Pandemic puts focus on parents
As the scheduled beginning of the 2020-21 school year draws nearer, the prospect of those ubiquitous yellow buses returning to the roads to pick up and transport our children to class leads to reasonable questions regarding how or even whether it can safely be done amid the continuing COVID-19 pandemic.
Districts are considering options such as reducing the number of kids on a bus, assigning specific seats, making kids and drivers wear masks while on the bus, opening windows and vents when possible to circulate the air more efficiently and disinfecting buses after each run.
But there is one aspect for which the district cannot account. It is an aspect only parents and guardians can control.
It’s called personal responsibility.
The truth is school districts can have all the safety protocols in the world in place and kids could still be exposed to an ill classmate if that child’s parents fail to recognize when it’s unsafe for him or her to attend.
For this reopening to work, parents must be vigilant and strictly adhere to the recommendations given by districts and keep their children home from school if they are exhibiting any symptoms of illness whatsoever. Even if in our pre-pandemic world, they’d have sent their kid with the sniffles or a mildly scratchy throat onto the bus in the morning without giving it a second thought.
This is no time for a “kids are too soft nowadays” type of attitude, nor to put the personal convenience of what is essentially free child care over the safety of others. This virus has proven it will spread quickly given the chance, and over the years, few places have shown to be petri dishes of illness quite like schools because under normal circumstances, classrooms generally host medium-to-large groups of people in a fairly enclosed space for extended periods of time.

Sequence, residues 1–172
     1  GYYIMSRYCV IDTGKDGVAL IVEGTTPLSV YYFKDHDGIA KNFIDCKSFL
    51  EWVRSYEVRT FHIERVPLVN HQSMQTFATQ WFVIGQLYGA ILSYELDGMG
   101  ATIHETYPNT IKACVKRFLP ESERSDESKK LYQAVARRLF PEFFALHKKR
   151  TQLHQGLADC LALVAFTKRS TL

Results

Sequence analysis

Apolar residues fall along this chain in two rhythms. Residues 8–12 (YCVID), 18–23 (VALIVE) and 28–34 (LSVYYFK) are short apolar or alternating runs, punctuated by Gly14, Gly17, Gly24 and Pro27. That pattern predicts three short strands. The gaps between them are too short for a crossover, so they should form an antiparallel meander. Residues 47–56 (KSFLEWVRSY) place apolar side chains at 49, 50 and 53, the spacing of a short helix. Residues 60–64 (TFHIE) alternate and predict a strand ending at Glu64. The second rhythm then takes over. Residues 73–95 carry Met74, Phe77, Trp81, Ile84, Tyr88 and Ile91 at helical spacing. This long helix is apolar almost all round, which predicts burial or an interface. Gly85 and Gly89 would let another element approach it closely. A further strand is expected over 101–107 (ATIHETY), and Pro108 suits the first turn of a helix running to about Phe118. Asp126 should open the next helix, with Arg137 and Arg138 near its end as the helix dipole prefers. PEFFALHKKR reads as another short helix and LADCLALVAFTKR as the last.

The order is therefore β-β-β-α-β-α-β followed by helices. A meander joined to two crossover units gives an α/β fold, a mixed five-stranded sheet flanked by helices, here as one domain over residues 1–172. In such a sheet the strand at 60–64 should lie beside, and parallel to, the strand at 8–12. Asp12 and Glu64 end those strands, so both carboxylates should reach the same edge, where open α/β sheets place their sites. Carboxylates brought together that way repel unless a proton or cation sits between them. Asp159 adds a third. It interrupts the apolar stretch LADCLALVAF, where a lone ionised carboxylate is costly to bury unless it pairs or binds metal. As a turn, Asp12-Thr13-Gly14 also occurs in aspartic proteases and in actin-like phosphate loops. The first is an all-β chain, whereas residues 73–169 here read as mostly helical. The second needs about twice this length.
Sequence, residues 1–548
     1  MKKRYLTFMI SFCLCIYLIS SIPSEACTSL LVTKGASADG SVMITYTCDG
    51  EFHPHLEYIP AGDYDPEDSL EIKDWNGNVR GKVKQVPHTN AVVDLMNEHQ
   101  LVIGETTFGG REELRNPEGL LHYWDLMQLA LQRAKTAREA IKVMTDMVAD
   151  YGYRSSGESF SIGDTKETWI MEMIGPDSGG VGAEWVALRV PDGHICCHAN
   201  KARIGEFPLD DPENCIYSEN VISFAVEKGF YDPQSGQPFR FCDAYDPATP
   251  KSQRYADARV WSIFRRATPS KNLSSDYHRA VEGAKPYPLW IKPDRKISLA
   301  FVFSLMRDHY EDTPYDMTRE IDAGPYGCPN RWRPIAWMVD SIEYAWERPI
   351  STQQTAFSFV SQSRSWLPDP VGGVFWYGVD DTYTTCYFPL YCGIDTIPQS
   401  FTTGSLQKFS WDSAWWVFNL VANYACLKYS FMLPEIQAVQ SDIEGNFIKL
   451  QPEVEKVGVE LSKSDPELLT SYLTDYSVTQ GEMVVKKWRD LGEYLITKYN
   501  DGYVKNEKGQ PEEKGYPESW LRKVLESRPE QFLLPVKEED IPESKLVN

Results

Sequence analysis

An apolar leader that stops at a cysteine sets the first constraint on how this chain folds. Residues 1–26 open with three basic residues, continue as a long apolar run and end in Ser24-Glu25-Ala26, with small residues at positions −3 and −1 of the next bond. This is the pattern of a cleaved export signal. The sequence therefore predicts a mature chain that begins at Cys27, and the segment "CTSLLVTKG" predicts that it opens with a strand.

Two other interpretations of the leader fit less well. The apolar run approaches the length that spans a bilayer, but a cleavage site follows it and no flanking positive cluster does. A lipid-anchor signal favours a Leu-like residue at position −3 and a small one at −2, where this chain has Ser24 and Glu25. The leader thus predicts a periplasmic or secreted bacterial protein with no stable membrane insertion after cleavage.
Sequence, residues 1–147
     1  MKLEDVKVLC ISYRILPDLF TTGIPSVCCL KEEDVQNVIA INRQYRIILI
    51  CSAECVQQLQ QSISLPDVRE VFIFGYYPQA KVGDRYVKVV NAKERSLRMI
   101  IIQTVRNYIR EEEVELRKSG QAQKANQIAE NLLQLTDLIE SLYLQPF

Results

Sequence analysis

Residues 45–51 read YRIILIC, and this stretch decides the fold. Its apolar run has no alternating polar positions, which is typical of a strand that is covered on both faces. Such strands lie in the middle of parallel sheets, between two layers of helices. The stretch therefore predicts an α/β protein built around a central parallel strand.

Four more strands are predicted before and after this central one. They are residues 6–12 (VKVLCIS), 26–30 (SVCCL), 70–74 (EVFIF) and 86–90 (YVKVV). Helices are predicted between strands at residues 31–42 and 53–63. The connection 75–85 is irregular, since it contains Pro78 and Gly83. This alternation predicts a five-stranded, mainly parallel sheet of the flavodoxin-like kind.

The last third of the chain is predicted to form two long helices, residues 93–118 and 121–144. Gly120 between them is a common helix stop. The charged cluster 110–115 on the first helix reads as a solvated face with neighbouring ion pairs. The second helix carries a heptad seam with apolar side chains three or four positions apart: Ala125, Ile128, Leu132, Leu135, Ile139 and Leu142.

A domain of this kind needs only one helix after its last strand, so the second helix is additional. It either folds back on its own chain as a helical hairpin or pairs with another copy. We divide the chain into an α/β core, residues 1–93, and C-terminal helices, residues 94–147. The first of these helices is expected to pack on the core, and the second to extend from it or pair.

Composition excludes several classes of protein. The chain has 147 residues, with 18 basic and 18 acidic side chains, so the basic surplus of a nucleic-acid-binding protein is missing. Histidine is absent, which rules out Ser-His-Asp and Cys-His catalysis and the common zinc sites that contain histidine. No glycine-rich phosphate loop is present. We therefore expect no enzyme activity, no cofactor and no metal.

That type of environment is basically the equivalent of the honeymoon suite for viruses. It would almost assuredly lead to rapid virus reproduction. That’s why schools are doing things differently this year.
Parents will also need to stress to their kids the importance of following the new rules that have been enacted because of the pandemic. That means touching fewer things and, yes, that also means wearing a mask — and wearing it correctly, meaning covering the nose and mouth entirely.
If you’re among those people who believe mask wearing is pointless, actively harmful or nothing more than a political statement, you certainly have a right to feel that way.
What you don’t have is a right to send your maskless child to potentially infect everyone else at the school, who could then take the virus home to their families — some of whom may have health conditions that put them at higher risk for developing a severe or even lethal case of COVID-19 if they contract the virus — and infect them as well.
In many ways, school will be the same — the more on board with the program parents are, the better things will be for not only your child, but also those tasked with teaching him or her.
The big difference is that the consequences of doing the opposite could be much greater.
We’ve all heard throughout this ordeal that we’re all in this together.
If our children are to have some feeling of normality in their lives at school, those among us who are parents of students had better be.